Our travels last week took us to three states and we had a such a great time doing some fun things. I’m going to start with our last stop, the Annual Quilt and Wall Hanging Exhibition in the Great Hall of the Cultural Center in the State Capitol complex in Charleston, West Virginia. This juried and judged exhibition is held every year and is on display from Memorial Day to mid-September.
There were 43 quilts and 19 wall hangings in competition by 58 quilters accepted by the jury for competition. Entrants had to be residents of West Virginia. There is some big money in this show, with first place quilt winners receiving $750! The second place quilt winners received $400, and third place $300. The wall hanging categories received $400 for first place, $300 for second place and $200 for third place. In addition, the Best of Show received an additional $100.
The Cultural Center setting was wonderful for the exhibition as quilting has a long history in West Virginia representing one of the oldest art forms in the state.
There were so many, I cannot show you all of them. Some were too high up to capture with my little camera, even with its 8x zoom. But, I will show you close ups of a few. This one made by Carol A. Miller called Flowers Bloom won 1st Place in Applique. The work was beautiful and detailed. I didn’t get a close up of the special ribbon, so I don’t know what other award she won.
These two caught my eye. The one on the left is Elemental by Joyce Davis. On the right, Elephant Abstractions by Kathryn Eagle. Both showed intricate piecework, visible even though they were high up on the wall.
Best of Show winner was an extraordinary combination of embroidery and custom quilting made by Linda Dotson Vaughan called Love to Embroider in the Mixed/Other Quilt category.
Here is a closeup of the corner showing the fabulous custom quilting and lovely embroidery. I’m looking at all the hand work and thinking this quilt must have taken years to complete.
Several wall hangings hung together kept me rooted in one place for quite a while. Note that in this show, the first place ribbon is blue, second place is gold, and third is red. All are amazing works of art, with different techniques.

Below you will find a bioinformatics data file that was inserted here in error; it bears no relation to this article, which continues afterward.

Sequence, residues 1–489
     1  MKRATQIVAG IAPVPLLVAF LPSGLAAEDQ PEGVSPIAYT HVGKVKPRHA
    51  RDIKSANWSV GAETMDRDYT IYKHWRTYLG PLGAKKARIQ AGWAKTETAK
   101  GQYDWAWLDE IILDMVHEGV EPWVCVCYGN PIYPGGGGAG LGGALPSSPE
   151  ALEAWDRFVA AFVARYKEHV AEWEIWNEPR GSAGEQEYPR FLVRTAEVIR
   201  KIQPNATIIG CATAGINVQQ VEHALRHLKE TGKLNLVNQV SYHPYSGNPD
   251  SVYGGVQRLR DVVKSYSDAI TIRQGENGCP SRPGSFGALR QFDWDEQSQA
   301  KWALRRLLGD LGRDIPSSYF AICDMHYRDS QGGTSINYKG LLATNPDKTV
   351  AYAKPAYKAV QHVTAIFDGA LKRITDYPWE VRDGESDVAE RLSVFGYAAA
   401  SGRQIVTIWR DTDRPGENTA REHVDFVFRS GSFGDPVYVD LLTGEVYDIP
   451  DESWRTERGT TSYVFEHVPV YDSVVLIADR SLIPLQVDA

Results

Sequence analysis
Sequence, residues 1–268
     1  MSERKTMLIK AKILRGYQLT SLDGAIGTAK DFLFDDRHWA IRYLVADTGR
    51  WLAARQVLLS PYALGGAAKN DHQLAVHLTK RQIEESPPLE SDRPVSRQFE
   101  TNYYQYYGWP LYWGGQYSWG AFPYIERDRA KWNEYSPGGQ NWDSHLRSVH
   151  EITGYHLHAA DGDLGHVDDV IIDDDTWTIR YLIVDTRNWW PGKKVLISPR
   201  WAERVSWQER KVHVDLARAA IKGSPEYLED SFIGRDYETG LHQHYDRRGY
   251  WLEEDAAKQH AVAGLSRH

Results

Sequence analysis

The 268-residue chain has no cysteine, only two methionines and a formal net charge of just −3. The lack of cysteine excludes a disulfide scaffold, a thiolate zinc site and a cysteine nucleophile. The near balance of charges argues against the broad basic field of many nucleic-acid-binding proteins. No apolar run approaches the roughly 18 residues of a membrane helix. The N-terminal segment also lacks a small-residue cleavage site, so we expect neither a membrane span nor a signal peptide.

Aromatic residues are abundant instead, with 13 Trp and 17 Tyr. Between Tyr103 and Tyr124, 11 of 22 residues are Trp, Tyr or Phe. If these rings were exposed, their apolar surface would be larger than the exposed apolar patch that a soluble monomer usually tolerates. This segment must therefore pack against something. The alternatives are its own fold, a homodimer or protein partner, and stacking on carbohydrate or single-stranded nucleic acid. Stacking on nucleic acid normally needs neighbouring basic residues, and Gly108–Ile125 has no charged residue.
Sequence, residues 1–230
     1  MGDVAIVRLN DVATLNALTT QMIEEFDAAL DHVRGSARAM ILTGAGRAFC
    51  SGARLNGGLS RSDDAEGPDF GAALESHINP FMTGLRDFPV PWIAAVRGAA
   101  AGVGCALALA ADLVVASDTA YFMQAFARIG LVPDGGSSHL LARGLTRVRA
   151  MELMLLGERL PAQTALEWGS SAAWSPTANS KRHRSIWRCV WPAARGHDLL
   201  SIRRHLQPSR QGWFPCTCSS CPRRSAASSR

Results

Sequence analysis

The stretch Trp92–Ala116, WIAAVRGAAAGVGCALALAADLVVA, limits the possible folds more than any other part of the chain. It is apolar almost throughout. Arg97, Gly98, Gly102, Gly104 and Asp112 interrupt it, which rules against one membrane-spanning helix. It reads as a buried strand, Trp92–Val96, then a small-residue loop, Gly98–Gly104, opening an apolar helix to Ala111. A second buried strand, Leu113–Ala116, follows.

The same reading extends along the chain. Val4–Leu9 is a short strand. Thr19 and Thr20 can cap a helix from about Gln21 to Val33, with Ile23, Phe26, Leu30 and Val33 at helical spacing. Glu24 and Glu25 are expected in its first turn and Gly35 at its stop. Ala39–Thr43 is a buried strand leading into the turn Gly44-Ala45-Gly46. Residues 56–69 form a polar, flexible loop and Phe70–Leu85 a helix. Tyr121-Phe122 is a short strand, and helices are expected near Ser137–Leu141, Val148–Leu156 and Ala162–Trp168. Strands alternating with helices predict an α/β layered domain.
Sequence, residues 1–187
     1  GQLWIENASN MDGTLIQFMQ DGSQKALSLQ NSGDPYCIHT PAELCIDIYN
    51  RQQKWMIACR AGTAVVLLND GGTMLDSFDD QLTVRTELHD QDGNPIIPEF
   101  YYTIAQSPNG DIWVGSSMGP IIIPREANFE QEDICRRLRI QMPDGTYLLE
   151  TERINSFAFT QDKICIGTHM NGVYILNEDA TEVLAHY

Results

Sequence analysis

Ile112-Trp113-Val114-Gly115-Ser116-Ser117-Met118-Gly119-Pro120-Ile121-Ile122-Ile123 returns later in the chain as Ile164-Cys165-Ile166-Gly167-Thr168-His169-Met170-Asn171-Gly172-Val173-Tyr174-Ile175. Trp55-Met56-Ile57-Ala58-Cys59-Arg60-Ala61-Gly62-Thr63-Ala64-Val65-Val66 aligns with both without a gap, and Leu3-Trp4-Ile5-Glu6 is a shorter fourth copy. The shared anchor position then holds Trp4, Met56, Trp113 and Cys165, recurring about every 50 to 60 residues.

This one is called Patriot, made by Amy Pabst, and won first place in the Wall Hanging category. Just look at the tiny log cabin blocks! Note that she used striped fabric to give the illusion of even tinier pieces. Still, these blocks were only about 3 inches across, with fussy cut stars in the centers of the blue blocks.
Second place was Jacobean Delight by Claudia Covey. The combination of piecing, embroidery and custom quilting was stunningly beautiful.
This untitled Christmas theme wall hanging made by Lovenia Casto won a well deserved third place ribbon, with marvelous applique work.
This quilt is entirely done with thread on a wholecloth background fabric. Diana L. Beverage quilted this art piece called Sunshine Mandala.
Here is a close up of her extraordinary thread work, with all the color in the design coming from thread.
For this photo, I didn’t get the placards. I tried to zoom in on the photo to try to decipher the blurry cards, and I think from the show listing that the bird on the upper right is Raven Rock by Fran Kordek, the fruit and vegetable quilt is Yum Yum Basket by Frances Fischer Braden. The adorable puppy could be Annie by Pat Habenshuss. I hope I got those right.
“Oh My Gosh” is the name of this second place winning quilt by Kimberly Roberts, and so aptly named as that was my reaction to seeing the amazing piecework. There must be thousands of pieces!
These were high on the wall over a photography exhibit.
Nancy Swisher won First Place and a National Association of Certified Quilt Judges Award of Merit for her pieced Dinner Plate Dahlia quilt.
This floor also held a display of first ladies gowns from inauguration balls with exquisite beadwork. There were dolls representing every first lady going back to 1864 in their gowns. The dolls were about 18 inches high and very detailed.
One last look at just a few more.
The Cultural Center has an amazing walk through history on the lower floor, and we did not leave enough time to see it all. It begins with the prehistoric paleolithic period when native peoples occupied West Virginia for 7000 years, virtually unchanged. It takes the viewer through the ages, and then the centuries, coming down to decades for the last 100 years. Major advancements and industries, cultural and artistic endeavors, early settlements, wars, social upheavals, and so much more could be seen with history to read and absorb. Exhibits of colonial life were numerous going through many aspects of life including a general store along with home exhibits on sewing, quilting, laundry and cooking. Pictures were not great as the lighting was dim in some areas and in others the spotlights on glass made it difficult to shoot. We needed at least 3 hours, and had to blow through it in just over one. We had to get on the road in order to get home before dark or we would have spent much more time there. If you go, plan to have at least 4 hours to see the quilts and the rest of the museums exhibits.
Have you been to a quilt show lately?